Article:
Flexible laryngoscopy is generally done to evaluate symptoms of disorders of the pharynx and larynx.
(See also Evaluation of the Patient With Nasal and Pharyngeal Symptoms Evaluation of the Patient with Nasal and Pharyngeal Disorders The nose and pharynx (consisting of the nasopharynx, oropharynx, and hypopharynx) may be affected by inflammation, infection, trauma, tumors, and several miscellaneous conditions. The uvula... read more and Overview of Laryngeal Disorders Overview of Laryngeal Disorders The larynx contains the vocal cords and serves as the opening to the tracheobronchial tree. Laryngeal disorders include Benign laryngeal tumors Contact ulcers Laryngitis Laryngoceles read more .)
Laryngoscopy may be indicated for the evaluation of patients with the following:
Chronic throat pain
Foreign body in the throat
Hoarseness or change in voice
Sensation of a lump in the throat
Symptoms of aspiration
In particular, patients at high risk of head and neck cancer (eg, heavy smokers or alcohol users) may benefit from laryngoscopy, especially if they have had hoarseness, sore throat, or ear pain for > 2 weeks.
Laryngoscopy can also be useful to evaluate the airway prior to orotracheal intubation Tracheal Intubation Most patients requiring an artificial airway can be managed with tracheal intubation, which can be Orotracheal (tube inserted through the mouth) Nasotracheal (tube inserted through the nose)... read more .
Urgent laryngoscopy may be indicated in patients with angioedema, stridor, epistaxis, and/or craniofacial trauma.
Flexible laryngoscopy can be tried for patients who do not tolerate direct laryngoscopy.
Active epistaxis or an uncontrolled bleeding disorder
In patients with stridor or angioedema Angioedema Angioedema is edema of the deep dermis and subcutaneous tissues. It is usually an acute mast cell–mediated reaction caused by exposure to drug, venom, dietary, pollen, or animal dander allergens... read more , stimulation of the laryngopharynx may further compromise the airway. If laryngoscopy is essential, it should be done in the controlled setting of an operating room with a person skilled at difficult airway management (including surgical techniques) present.
Injury to the mucosa, which may cause bleeding
Laryngospasm and airway compromise
The procedure may cause gagging, coughing, and/or vomiting. Occasionally, patients have a vasovagal reaction.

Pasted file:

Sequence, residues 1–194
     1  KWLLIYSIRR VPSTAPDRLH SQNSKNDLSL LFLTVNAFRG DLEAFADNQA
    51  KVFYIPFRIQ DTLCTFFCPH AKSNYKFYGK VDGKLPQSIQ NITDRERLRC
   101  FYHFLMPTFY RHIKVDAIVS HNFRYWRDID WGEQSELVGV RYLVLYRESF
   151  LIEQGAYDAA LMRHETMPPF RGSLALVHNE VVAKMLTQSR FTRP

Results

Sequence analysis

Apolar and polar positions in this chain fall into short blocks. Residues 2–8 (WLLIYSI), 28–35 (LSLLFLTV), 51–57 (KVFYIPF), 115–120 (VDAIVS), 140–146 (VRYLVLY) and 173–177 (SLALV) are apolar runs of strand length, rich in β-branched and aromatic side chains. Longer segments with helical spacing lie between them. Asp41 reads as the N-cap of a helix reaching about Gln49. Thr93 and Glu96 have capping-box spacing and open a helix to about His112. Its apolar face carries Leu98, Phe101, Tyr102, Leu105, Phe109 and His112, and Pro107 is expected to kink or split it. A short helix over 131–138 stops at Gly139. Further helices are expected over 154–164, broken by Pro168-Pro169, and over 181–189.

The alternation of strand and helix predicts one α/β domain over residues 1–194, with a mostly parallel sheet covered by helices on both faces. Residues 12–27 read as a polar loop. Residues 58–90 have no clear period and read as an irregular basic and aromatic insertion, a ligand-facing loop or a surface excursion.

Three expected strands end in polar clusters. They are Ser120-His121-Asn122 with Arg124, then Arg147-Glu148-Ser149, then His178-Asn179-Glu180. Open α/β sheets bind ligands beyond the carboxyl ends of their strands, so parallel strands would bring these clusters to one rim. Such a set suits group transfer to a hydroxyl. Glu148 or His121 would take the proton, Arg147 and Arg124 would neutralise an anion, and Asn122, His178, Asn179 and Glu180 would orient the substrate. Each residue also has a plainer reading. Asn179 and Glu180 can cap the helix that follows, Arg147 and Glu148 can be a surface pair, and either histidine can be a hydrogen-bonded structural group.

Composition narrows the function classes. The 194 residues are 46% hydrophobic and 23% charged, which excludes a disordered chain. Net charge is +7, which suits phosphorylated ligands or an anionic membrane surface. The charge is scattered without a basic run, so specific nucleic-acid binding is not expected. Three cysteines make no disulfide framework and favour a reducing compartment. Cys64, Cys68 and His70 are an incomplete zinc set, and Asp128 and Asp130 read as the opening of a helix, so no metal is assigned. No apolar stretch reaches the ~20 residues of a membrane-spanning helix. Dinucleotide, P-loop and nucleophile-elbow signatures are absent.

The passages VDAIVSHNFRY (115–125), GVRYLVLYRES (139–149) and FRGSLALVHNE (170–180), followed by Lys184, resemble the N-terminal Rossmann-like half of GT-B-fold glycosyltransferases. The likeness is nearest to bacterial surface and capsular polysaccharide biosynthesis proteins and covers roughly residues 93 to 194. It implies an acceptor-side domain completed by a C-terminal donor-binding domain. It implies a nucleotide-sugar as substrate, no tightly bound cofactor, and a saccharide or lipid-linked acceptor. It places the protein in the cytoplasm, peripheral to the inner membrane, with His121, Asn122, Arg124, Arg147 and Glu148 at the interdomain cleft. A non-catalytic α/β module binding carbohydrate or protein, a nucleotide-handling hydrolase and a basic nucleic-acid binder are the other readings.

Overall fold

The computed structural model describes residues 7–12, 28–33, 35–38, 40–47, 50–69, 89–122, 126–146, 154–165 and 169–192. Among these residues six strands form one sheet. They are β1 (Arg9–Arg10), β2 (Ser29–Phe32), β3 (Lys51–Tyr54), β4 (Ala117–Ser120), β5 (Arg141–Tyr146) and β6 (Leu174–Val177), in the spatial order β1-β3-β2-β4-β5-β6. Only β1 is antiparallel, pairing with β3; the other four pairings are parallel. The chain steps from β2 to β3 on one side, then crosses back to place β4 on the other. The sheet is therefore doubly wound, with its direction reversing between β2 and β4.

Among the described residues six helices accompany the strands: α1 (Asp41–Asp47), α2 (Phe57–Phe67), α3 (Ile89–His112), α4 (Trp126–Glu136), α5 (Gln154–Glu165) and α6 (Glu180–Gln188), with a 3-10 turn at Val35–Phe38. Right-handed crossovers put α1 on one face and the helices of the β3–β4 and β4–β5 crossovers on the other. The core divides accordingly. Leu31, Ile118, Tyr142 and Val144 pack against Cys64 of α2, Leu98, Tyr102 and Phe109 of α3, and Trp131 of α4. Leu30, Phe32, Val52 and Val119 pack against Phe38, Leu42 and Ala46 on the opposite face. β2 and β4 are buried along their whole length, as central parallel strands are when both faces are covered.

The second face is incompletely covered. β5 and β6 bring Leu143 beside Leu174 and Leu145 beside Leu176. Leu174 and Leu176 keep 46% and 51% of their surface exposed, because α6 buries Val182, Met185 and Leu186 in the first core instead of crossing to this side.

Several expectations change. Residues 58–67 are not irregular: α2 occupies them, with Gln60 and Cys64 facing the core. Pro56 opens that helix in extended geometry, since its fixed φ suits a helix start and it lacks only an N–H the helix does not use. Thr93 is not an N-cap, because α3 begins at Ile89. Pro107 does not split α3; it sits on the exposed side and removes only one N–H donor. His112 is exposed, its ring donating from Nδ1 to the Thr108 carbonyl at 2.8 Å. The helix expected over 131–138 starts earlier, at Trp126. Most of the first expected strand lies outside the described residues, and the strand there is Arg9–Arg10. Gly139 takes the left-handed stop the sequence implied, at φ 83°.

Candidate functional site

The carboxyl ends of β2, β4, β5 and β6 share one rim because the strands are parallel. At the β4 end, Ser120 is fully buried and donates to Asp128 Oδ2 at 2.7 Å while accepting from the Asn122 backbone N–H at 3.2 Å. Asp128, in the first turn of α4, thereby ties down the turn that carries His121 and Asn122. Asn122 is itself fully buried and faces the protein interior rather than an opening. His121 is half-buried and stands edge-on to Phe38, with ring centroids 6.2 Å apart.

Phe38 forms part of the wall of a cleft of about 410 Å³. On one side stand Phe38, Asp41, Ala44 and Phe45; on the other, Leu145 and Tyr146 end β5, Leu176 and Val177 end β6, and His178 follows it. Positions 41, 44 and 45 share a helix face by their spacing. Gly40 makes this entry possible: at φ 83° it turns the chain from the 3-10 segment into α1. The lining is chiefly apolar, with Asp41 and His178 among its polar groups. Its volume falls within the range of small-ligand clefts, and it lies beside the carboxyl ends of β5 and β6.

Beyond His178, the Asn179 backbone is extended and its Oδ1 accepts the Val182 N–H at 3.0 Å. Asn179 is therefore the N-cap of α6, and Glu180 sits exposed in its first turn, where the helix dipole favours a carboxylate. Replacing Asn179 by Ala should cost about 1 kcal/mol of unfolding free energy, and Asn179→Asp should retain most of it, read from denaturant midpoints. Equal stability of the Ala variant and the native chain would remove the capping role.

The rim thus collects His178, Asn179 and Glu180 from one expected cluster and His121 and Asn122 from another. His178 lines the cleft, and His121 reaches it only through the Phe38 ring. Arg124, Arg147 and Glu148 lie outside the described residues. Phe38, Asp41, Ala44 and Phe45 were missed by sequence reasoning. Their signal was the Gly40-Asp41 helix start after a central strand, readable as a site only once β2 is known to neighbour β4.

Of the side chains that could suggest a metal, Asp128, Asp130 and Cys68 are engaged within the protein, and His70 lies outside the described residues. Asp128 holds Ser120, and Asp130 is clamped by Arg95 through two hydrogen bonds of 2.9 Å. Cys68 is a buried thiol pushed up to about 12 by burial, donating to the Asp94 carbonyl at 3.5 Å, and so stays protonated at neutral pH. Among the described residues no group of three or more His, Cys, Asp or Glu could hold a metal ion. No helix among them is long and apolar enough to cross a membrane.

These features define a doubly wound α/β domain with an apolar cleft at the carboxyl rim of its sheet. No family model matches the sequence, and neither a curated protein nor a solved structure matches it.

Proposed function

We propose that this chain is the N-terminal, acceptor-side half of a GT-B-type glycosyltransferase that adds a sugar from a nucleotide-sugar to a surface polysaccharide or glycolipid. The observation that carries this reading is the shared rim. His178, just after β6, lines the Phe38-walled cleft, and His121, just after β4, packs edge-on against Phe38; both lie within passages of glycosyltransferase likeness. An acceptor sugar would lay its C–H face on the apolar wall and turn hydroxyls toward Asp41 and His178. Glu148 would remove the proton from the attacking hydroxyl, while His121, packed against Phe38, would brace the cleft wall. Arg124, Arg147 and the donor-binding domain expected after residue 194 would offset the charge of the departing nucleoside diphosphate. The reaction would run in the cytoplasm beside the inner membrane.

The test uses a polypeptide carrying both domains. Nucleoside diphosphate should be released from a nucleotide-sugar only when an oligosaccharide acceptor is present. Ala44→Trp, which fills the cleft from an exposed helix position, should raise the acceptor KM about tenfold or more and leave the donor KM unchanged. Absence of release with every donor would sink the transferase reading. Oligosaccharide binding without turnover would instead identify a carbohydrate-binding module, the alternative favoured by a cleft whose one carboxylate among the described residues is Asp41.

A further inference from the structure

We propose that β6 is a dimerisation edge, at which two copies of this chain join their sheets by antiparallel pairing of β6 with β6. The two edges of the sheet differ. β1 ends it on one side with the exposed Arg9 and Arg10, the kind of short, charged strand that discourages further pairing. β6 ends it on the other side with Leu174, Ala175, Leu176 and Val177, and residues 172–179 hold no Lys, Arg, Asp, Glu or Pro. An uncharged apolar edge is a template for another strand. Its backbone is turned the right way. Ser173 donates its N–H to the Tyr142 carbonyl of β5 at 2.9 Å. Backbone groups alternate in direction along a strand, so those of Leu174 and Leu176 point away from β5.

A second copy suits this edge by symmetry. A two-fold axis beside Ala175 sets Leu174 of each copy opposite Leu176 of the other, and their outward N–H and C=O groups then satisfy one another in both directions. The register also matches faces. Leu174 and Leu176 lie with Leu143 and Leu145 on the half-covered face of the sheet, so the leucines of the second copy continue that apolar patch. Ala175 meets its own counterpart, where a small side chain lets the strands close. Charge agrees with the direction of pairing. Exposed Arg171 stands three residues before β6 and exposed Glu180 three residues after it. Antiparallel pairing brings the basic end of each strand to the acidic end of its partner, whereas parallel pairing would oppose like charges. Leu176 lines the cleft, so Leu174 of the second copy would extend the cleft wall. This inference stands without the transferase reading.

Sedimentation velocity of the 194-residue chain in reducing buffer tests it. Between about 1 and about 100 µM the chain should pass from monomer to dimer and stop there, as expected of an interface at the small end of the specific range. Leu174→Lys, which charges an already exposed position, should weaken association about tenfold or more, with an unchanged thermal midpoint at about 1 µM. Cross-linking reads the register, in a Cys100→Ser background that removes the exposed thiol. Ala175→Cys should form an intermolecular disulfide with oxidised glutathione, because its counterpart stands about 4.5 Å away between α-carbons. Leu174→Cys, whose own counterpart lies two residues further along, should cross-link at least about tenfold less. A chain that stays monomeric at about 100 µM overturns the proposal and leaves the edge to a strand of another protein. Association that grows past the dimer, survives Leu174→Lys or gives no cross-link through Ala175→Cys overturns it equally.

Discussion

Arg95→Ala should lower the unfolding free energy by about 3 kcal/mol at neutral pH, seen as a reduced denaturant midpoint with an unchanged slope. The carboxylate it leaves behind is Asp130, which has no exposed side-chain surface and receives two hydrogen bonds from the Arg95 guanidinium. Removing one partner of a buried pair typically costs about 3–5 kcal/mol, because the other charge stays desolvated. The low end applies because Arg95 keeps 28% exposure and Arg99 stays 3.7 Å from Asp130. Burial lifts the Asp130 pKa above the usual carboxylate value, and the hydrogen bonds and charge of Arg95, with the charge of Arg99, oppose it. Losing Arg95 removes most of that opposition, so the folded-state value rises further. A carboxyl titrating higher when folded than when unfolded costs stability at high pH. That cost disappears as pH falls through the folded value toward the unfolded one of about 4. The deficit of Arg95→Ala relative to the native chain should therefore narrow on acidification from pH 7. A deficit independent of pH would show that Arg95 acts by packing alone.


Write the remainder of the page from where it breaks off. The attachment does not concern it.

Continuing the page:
Flexible laryngoscope (nasopharyngolaryngoscope) with light source
Wall suction connected to a Frazier-tip catheter
Topical vasoconstrictor/anesthetic (eg, 4% cocaine, 0.05% oxymetazoline plus either 1% tetracaine or 4% lidocaine)
Cotton swabs or pledgets for nonspray topical decongestants and/or anesthetics
Flexible laryngoscopy provides only a limited view of the subglottic larynx and proximal trachea. To assess these regions, use another procedure, such as bronchoscopy.
The pharynx includes the nasopharynx, oropharynx, and hypopharynx.
The larynx connects the pharynx to the trachea and is suspended from the hyoid bone. It includes 3 single and 3 paired cartilage structures: single (epiglottis, thyroid, and cricoid) and paired (arytenoid, cuneiform, and corniculate). The larynx extends from the tip of the epiglottis down to the inferior aspect of the cricoid cartilage and includes the vocal folds.
The patient should sit upright with the head against a headrest, and leaning forward slightly.
Legs should not be crossed.
Step-by-Step Description of Procedure
Check that the laryngoscope, including the light source and suction, are working properly.
Adjust eyepiece focus (use letters such as on drug or equipment packaging).
Check both nares and use the one that appears more widely patent.
Hold the nares open with a nasal speculum. Insert the speculum with the handle parallel to the floor and open the speculum vertically; stabilize your hand by placing one or two fingers against the patient's nose.
Apply the topical vasoconstrictor/anesthetic.
Do the following about 5 to 15 minutes after the application of the vasoconstrictor/anesthetic:
Lubricate the laryngoscope tip.
Insert the laryngoscope tip into the nose and advance it slowly adjacent to the inferior turbinate (either above or below) parallel to the floor of the nose.
Advance it into the nasopharynx, inspecting the eustachian tube opening in the lateral nasopharynx and the adenoid tissue on the posterior wall.
Tell the patient to breathe through the nose (which makes the soft palate drop). Use the thumb control on the laryngoscope to flex the tip down to go past the palate, and then straighten to avoid curling forward into the uvula.
Inspect the base of the tongue, valleculae, epiglottis, piriform sinuses, arytenoids, false and true vocal cords, and the larynx below the vocal cords.
Do not pass the laryngoscope through the vocal cords because contact can cause laryngospasm.
Fully inspect the vocal cords. Instruct the patient to say "eeee," which will contract the vocal cords and allow more thorough inspection.
Avoid touching the mucosa or epiglottis because this may provoke a gag reflex.
Gently withdraw the laryngoscope.
Instruct patient to avoid eating and drinking for at least 20 minutes to prevent aspiration due to residual laryngopharyngeal anesthesia.
Warnings and Common Errors
Inserting the scope too forcefully, causing bleeding and/or discomfort
Losing situational awareness of the direction of the scope tip
Using too little anesthesia or vasoconstrictor
Tips and Tricks
Give the patient a tissue prior to the procedure because tearing may occur.
Remind the patient to breathe during the procedure because some patients reflexively hold their breath.
Before inserting the scope, refamiliarize yourself with the tip controls.
Ask the patient not to swallow during the procedure unless directed to help clear the scope.